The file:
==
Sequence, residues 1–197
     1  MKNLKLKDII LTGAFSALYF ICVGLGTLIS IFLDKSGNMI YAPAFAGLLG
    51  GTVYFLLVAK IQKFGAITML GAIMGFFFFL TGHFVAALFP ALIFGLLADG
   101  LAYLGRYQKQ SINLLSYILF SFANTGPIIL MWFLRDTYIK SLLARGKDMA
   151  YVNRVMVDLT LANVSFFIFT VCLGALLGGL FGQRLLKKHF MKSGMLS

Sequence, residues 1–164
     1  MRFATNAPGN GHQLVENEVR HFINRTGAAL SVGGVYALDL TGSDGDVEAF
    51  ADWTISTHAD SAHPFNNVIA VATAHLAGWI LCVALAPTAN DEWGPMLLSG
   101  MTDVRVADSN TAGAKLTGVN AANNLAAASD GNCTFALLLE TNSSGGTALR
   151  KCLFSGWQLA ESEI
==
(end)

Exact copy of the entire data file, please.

Sequence, residues 1–197
     1  MKNLKLKDII LTGAFSALYF ICVGLGTLIS IFLDKSGNMI YAPAFAGLLG
    51  GTVYFLLVAK IQKFGAITML GAIMGFFFFL TGHFVAALFP ALIFGLLADG
   101  LAYLGRYQKQ SINLLSYILF SFANTGPIIL MWFLRDTYIK SLLARGKDMA
   151  YVNRVMVDLT LANVSFFIFT VCLGALLGGL FGQRLLKKHF MKSGMLS

Sequence, residues 1–164
     1  MRFATNAPGN GHQLVENEVR HFINRTGAAL SVGGVYALDL TGSDGDVEAF
    51  ADWTISTHAD SAHPFNNVIA VATAHLAGWI LCVALAPTAN DEWGPMLLSG
   101  MTDVRVADSN TAGAKLTGVN AANNLAAASD GNCTFALLLE TNSSGGTALR
   151  KCLFSGWQLA ESEI